Wednesday, September 19, 2007
Senators Block D.C. Vote Bill, Delivering Possibly Fatal Blow
Republican lawmakers yesterday blocked the Senate from taking up the D.C. vote bill, a potentially fatal setback for the District's most promising effort in years to get a full member of Congress.
The vote was on a motion to simply consider the bill. Fifty-seven senators voted in favor, three short of the 60 needed to proceed. Without enough support to vault the Senate's procedural hurdles, the bill is expected to stall this year and possibly next year.
Proponents have portrayed the bill as a civil rights measure, saying that depriving a majority African American city of a vote echoes discriminatory practices outlawed decades ago. They also have said it is hypocritical for the United States to fight for voting rights in Iraq while denying them in its own capital.
"It's time to end the injustice, the national embarrassment that citizens of this great capital city don't have voting representation in Congress," Sen. Joseph I. Lieberman (I-Conn.), a co-sponsor of the bill, said in a brief floor session before the vote. Opponents did not make speeches.
So, once again, a bill was kept from coming to a full vote by a small number of Republican senators. Among this group deciding the fate of the hardworking people of D.C., (who, by the way, not only pay all the same taxes you do, but also have to put up with obnoxious political types every day), are such upstanding citizens as Sen. Larry Craig (R-Sex Sting) and Sen. David Vitter (R-Hookers).
See how your senators voted here, and if they voted against bringing this bill up for a full vote, give them an earful.
So, the guy was annoying. And six police officers couldn't control him without using a Taser?! And then arresting him for “inciting a riot”? If you watch the video below, you will see that any reaction from the crowd is surely the result of the strong-arm tactics of the police, and not from anything the student said or did.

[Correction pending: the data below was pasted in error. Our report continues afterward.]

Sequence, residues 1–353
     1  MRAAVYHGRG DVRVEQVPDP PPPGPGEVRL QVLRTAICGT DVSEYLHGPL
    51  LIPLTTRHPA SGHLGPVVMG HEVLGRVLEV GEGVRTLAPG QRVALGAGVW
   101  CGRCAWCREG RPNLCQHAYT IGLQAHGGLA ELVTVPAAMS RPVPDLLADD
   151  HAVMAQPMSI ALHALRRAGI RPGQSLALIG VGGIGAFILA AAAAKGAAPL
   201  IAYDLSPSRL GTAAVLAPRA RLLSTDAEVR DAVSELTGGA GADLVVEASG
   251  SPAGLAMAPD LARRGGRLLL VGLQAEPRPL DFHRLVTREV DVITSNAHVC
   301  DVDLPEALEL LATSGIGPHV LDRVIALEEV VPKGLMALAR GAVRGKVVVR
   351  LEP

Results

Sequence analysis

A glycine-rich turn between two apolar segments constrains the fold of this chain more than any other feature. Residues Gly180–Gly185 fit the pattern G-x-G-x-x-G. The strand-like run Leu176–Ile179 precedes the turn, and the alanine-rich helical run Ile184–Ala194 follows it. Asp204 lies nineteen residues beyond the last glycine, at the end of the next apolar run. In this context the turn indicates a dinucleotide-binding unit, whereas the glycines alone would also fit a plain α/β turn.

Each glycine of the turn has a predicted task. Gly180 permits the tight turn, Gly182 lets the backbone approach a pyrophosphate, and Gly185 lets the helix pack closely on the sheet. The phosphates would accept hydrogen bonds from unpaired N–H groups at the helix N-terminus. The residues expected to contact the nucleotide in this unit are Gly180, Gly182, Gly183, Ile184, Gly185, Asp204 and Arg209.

Is this the state of our country today? When someone won't shut up we zap them and take them away in handcuffs?
This is democracy?
It's International Talk Like a Pirate Day! You'll be wantin' your lingo and the history o' the holiday, so visit me friends the Pastafarians, or the blokes at Talk Like a Pirate Day.
Arrrrrrrr! Where's me coffee!
New York grows
In his absence.
You could also title this picture
Of Miles, his leathery
Squint, the grace
In his fingers a sliver of the stuff
You can’t get anymore,
As the rest of us wonder:
What was the name
Of the driver
Of that truck? And the rest
Of us sigh:
Death is one hell
Of a pickpocket.
— Cornelius Eady
Tuesday, September 18, 2007
Monday, September 17, 2007
Here's what I decided: your private life is private — unless you make your living by being part of a movement that discriminates and is generally hateful toward others who live that same private life of yours. So, sorry Condoleezza, time for me to start spreadin' the news:
From The Raw Story:
More coverage at the Wonkette, Bloggernista, and Pam's House, and at Michaelangelo Signorile's site, The Gist, which has the most analysis.
Secretary of State, who keeps private life shrouded, co-owns home with female filmmaker
Secretary of State Condoleezza Rice co-owned a home and shared a line of credit with another woman, according to Washington Post diplomatic correspondent Glenn Kessler, who reveals the information in his new book, The Confidante: Condoleezza Rice and the Creation of the Bush Legacy.
Kessler discussed the revelations with talk-show host and gay author Michaelangelo Signorile Friday on his Sirius Radio show.
According to the book, Rice owns a home together with Randy Bean, a documentary filmmaker who once worked with Bill Moyers. Kessler made the discovery by looking through real estate records.
Bean explained the joint ownership and line of credit to Kessler by saying she had medical bills which left her financially drained and Rice helped her by co-purchasing the house along with a third person, Coit Blacker, a Stanford professor who is
So, I saw this wonderful Buddha garden statue on sale, about a foot tall, and decided he would be a nice addition to my garden. I paid for it and took it out to my car. Since I had only bought some small items, I guess I automatically put everything into the front seat next to me (including Buddha).
As I was navigating my way out of the parking lot, a small car suddenly whipped out of a side lane and cut me off. I had to slam on my brakes, and also did that reflex move: my right arm instinctively stretched out to keep Buddha from flying forward.
I glanced over at my statuary passenger, and in that moment, my rage at the driver who cut me off dissipated immediately under the peaceful gaze of Buddha. That glimmer of a smile, the hands together in his lap, with palms facing upward. Peace and enlightenment.
I drove home with a little small on my face the entire way. And now Buddha sits on my front porch and greets me with that same gaze every evening when I come home.